Black, indigenous, and people of color (BIPOC)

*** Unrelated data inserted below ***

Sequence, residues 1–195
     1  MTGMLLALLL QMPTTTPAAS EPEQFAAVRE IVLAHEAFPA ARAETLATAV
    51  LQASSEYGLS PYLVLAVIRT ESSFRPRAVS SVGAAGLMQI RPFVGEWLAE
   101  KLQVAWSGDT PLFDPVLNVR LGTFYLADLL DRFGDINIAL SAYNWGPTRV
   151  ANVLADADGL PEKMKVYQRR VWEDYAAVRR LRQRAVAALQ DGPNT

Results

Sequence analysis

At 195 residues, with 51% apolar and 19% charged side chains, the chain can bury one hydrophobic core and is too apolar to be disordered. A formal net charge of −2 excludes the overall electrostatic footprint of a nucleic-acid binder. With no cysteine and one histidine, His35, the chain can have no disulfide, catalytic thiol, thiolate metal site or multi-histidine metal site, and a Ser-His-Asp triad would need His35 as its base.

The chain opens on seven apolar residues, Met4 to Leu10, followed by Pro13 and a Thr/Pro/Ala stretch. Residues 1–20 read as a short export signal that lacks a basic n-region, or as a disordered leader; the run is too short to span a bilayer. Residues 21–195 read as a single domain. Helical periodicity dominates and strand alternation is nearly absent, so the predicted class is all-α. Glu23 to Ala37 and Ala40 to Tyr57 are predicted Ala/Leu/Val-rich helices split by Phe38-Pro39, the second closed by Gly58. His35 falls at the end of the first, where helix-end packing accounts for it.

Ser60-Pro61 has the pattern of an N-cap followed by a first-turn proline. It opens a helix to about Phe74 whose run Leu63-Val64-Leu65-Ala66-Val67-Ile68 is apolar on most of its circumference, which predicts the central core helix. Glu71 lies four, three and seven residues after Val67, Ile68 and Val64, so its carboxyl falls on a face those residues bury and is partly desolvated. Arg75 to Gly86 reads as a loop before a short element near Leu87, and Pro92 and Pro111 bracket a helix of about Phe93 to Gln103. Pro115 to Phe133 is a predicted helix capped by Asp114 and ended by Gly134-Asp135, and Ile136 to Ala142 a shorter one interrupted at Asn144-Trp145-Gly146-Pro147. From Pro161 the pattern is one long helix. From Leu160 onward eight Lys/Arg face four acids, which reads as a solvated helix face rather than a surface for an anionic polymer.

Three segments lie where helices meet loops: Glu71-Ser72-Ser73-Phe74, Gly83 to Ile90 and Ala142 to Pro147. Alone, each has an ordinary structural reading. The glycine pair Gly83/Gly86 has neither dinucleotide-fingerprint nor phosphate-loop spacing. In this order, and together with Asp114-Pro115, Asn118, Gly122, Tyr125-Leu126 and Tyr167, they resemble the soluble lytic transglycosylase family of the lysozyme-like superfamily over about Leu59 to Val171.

They are traditionally marginalized across all social systems, but it’s more apparent today than ever due to the devastating effects of COVID-19 on BIPOC communities. In 2020, BIPOC account for 27.3% of the U.S. population (Census.gov, 2020), yet BIPOC account for 58.1% percent of all COVID-19 cases to-date (CDC.gov, 2020). Researchers and social scientists point to structural disparities as the main cause of the disproportionate COVID-19 infection rate among BIPOC (Cantos & Rebolledo, 2020; Valenzuela et al., 2020). The data shows that a consequential proportion of the BIPOC communities are essential or service-related workers with limited or no access to health care, lower socioeconomic and education status, overcrowded housing with limited ability to social distance, and limited or no access to personal protective equipment. These realities have created conditions where COVID-19 affects every aspect of the BIPOC social constructs.